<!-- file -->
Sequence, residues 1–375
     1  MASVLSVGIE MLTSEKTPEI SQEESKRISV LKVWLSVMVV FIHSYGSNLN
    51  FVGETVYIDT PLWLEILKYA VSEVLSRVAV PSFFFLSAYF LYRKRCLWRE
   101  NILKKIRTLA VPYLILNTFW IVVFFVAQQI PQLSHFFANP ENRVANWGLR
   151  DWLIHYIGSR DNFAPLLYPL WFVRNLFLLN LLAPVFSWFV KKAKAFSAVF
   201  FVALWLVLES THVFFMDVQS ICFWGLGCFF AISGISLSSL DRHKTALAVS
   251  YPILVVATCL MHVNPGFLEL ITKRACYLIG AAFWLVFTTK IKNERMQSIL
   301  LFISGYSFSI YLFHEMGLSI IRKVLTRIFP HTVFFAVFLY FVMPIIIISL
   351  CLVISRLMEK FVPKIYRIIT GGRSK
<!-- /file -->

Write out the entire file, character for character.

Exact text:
Sequence, residues 1–375
     1  MASVLSVGIE MLTSEKTPEI SQEESKRISV LKVWLSVMVV FIHSYGSNLN
    51  FVGETVYIDT PLWLEILKYA VSEVLSRVAV PSFFFLSAYF LYRKRCLWRE
   101  NILKKIRTLA VPYLILNTFW IVVFFVAQQI PQLSHFFANP ENRVANWGLR
   151  DWLIHYIGSR DNFAPLLYPL WFVRNLFLLN LLAPVFSWFV KKAKAFSAVF
   201  FVALWLVLES THVFFMDVQS ICFWGLGCFF AISGISLSSL DRHKTALAVS
   251  YPILVVATCL MHVNPGFLEL ITKRACYLIG AAFWLVFTTK IKNERMQSIL
   301  LFISGYSFSI YLFHEMGLSI IRKVLTRIFP HTVFFAVFLY FVMPIIIISL
   351  CLVISRLMEK FVPKIYRIIT GGRSK